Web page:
Remembering in Raisman death of a pioneer
THE ACADEMIC whose research led to the development of a ground-breaking treatment for spinal cord injuries has died at the age of 77.
Professor Geoffrey Raisman discovered the olfactory ensheathing cell in 1985, going on to lead a team at University College London which found that the cell, located in the nose, could help repair damaged spinal cords.
The treatment was successfully tested by a Polish surgical team in 2012. Firefighter Darek Fidyka had been paralysed from the waist down, but two years after surgery he had learned to walk again.
Professor Michael Hanna, director of the UCL Institute of Neurology, paid tribute to Prof Raisman, calling him “a true pioneer of spinal cord injury science and a world leader in this area.”
Professor Pawel Tabakow, who led the Polish surgery team, said he and his colleagues were “devastated” by Prof Raisman’s death.
Gary Lineker, the former England striker and patron of a spinal injury charity, tweeted: “Awful news that Professor Geoffrey Raisman has died. His work though in spinal cord repair will be with us forever. A truly great man.” In 2002, Prof Raisman published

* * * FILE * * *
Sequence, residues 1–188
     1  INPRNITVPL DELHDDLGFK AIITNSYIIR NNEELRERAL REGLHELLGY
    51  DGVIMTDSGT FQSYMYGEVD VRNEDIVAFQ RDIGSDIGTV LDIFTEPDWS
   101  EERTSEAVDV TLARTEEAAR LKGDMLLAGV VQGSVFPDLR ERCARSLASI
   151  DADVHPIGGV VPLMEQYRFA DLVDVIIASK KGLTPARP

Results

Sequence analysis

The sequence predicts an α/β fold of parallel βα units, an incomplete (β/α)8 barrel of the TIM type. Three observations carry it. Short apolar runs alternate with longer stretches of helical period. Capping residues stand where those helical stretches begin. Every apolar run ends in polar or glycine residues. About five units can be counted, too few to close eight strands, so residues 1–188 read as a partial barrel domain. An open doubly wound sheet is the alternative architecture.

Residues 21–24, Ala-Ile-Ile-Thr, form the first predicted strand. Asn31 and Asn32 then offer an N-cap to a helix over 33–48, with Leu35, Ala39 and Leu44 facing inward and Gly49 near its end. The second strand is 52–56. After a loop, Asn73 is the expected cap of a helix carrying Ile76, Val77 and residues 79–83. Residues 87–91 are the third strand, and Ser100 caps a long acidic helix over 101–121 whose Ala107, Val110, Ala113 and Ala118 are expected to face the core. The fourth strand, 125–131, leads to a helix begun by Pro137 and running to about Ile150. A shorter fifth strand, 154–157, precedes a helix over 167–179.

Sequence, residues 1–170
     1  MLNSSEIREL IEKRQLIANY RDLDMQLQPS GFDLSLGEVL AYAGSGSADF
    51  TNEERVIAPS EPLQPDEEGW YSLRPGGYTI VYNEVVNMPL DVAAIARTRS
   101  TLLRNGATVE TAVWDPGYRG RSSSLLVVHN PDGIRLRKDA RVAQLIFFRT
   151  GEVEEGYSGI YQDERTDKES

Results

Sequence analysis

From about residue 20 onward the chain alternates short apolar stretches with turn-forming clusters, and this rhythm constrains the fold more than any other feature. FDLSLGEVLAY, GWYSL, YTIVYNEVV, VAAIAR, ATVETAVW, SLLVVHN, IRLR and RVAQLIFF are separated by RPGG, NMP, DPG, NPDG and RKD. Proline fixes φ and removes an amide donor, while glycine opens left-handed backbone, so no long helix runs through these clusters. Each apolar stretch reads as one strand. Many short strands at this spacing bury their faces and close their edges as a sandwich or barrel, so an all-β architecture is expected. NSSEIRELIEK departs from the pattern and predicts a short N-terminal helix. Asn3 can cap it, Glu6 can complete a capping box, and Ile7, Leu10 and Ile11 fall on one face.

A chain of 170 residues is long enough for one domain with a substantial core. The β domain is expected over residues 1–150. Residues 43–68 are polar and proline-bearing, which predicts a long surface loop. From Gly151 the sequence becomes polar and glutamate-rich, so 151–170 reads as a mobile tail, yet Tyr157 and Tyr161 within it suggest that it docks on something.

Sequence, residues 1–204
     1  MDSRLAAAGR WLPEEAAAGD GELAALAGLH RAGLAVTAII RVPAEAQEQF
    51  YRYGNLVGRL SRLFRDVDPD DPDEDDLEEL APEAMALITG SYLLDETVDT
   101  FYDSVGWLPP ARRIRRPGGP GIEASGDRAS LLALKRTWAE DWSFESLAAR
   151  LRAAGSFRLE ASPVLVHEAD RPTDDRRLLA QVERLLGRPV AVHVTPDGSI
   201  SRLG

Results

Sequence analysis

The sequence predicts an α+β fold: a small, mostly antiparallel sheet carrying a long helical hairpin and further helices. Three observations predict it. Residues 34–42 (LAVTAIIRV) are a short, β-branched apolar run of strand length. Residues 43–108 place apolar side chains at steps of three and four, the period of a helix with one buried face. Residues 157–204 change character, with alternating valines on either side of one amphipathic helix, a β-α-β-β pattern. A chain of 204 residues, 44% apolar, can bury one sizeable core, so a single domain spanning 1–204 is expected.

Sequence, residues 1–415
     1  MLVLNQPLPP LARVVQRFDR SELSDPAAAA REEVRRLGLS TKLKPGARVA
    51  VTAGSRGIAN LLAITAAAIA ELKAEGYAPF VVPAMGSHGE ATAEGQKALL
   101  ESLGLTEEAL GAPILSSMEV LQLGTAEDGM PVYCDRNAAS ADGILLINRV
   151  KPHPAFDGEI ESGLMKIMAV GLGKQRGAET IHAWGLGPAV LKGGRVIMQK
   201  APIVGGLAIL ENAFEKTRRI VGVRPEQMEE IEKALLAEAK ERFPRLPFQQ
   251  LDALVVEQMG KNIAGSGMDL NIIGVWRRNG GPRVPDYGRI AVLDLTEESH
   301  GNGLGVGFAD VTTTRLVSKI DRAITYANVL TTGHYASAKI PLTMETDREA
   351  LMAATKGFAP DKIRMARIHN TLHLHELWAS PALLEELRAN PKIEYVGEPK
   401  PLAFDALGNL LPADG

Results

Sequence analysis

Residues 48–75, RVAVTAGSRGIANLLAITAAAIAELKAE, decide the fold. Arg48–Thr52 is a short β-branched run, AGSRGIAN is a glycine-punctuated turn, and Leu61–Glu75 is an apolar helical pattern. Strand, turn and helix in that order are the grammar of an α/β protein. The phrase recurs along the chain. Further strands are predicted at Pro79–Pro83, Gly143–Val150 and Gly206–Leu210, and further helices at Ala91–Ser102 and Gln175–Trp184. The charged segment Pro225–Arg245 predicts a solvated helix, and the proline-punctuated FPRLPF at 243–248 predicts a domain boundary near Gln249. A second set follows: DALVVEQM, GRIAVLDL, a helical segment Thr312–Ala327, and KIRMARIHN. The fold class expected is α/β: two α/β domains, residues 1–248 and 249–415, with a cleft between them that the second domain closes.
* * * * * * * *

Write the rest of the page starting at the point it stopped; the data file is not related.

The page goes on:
a book about his family’s move to Britain from Lithuania in the 1800s. They settled first in Hull, before moving to Leeds in the 1870s.
He insisted the family’s struggle to make ends meet kept him grounded while the world praised his medical breakthrough. In an interview with the
in 2014, he said the attention generated by his medical breakthrough made him “wince”.
But talking about his achievements, he said: “My life has been worth living. I have not only been able to follow my hobby, but it has been of value to people. Who can ask for more?”
Coverage of the 2014 breakthrough